Although this could very well be a picture of me finding a new treasure at a favorite nursery, it's actually an illustration by David Catrow for a children's book called Plantzilla.

Thursday, April 14, 2016

Heronswood: A Happy Spring Visit.

Heronswood, the garden created by Dan Hinkley and Robert Jones, played an important role in my (and many other PNW gardeners') ongoing development as a gardener.  It was here that I first learned to love foliage.

It was here that I first encountered Helleborus hercegovina small leaf form.

Here that I first encountered any members of the podophyllum clan and in later years this strange and wonderful member of that family P. delavayi - so new then that it wasn't available for sale anywhere.

It seemed like with every visit to the garden, there were were new plants for me to discover. The garden then was still being expanded and planted.  Who wouldn't have a soft spot in his/her heart for such a magical place?

My personal first sighting of a large group of Cardiocrinum giganteum was at Heronswood.  My introduction to blue poppies also happened here.

When the garden and nursery were closed, gardeners were saddened.  Fortunately, just a few years later the property and name were purchased by the Port Gamble S'Klallam Tribe.  Unfortunately, the years of little care and the removal of many plants by the interim owner left many parts of the seven acre garden looking a bit neglected. Fortunately, the tribe has hired Hinkley as a consultant in bringing his creation back to it's former glory and the three years of work really show!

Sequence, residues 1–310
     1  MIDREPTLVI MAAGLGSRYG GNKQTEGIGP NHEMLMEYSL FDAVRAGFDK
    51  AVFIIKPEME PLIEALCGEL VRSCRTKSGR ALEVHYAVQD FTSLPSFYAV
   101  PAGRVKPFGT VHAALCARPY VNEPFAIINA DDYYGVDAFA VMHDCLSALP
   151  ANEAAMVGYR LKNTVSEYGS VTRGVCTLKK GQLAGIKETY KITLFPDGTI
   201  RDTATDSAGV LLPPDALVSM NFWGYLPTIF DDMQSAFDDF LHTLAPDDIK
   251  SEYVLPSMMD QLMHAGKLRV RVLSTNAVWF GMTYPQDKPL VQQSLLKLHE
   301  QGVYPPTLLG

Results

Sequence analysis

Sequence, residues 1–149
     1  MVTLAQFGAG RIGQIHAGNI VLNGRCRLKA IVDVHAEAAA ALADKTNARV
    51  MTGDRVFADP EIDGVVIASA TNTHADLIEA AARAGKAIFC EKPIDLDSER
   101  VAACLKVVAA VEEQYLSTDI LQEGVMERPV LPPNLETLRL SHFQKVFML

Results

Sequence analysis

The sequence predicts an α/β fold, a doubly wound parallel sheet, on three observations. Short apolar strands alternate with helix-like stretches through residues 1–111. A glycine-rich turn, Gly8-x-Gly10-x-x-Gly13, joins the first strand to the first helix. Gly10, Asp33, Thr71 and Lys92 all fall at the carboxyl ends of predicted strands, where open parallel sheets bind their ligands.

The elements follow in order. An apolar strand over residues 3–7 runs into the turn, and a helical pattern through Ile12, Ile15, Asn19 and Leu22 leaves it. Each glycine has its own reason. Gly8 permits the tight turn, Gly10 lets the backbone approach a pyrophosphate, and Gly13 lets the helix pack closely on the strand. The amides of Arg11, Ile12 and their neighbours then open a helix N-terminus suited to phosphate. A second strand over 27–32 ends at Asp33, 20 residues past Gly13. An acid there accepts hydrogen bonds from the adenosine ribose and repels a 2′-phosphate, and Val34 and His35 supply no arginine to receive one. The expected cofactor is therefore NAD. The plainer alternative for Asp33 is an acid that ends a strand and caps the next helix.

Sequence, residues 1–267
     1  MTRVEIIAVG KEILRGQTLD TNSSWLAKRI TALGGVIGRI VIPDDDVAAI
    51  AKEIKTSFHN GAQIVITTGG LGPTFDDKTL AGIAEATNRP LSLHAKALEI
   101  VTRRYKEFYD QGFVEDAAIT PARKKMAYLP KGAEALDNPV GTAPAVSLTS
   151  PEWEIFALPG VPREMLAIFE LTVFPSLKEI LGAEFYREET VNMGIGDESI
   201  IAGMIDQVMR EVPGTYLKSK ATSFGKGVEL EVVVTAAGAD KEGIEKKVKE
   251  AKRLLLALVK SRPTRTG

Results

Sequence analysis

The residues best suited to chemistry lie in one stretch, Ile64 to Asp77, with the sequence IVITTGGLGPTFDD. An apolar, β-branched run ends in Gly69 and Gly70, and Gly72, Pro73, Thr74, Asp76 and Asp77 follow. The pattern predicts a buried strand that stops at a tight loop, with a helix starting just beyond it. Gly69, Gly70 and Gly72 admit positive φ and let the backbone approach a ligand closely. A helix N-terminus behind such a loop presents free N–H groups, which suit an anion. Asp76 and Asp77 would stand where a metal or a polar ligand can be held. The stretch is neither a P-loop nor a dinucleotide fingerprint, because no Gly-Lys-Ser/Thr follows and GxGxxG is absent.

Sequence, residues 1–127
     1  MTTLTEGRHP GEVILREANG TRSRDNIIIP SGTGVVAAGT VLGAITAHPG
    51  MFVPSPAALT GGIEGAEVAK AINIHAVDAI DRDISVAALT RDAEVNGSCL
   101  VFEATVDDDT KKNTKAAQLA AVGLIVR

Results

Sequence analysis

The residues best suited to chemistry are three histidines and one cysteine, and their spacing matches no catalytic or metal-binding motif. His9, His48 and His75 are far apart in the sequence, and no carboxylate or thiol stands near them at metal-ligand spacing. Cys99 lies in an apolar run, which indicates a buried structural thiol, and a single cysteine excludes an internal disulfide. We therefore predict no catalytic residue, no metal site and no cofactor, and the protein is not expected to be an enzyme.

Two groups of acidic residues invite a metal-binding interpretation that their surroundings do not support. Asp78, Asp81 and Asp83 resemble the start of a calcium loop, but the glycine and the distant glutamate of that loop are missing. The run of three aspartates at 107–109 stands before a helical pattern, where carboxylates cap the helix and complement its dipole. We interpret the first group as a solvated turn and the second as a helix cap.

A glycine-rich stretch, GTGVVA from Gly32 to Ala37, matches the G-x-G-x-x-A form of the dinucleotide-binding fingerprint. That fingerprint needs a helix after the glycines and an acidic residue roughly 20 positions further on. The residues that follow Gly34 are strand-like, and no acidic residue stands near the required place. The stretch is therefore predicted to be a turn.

The garden is waking up for the coming growth season.  I didn't notice any blue poppy plants coming up.
One of the charms of a large part of the garden is that it feels like walking in some magical woodland where around every corner are special plants!
I was saddened when I first saw the garden again shortly after the last purchase and, although I seldom missed shopping at the sales held on the grounds, the garden was to be left alone, just a beautiful memory from a more innocent time.  I've been following posts on Heronswood's facebook page and decided this spring to stroll through the garden again and was thrilled at seeing what's being done.

The more formal garden areas closest to the house received most of the care during the time the garden was closed but still have had some freshening up done.
I remember the year when this feature was added and also the year when the Heronswood strain of double hellebores, filling the bed below, were the hot new plant introduction at the Northwest Flower and Garden Show. Back then, the show was much more plantcentric than it is now and Dan himself was standing behind the sales table getting fifty dollars a gallon for these beauties.

The garden, a living thing, will continue to evolve and charm those of us in love with playing in the dirt.
I think that these Mahonias are seedlings of M. 'Indianola Silver' from Mr. Hinkley's new garden, Windcliff.

It was here in the, then new, potager that I first saw concrete spheres made by Little and Lewis which inspired me to learn how to make them for my own garden.  In  case you're wondering, they're not here anymore.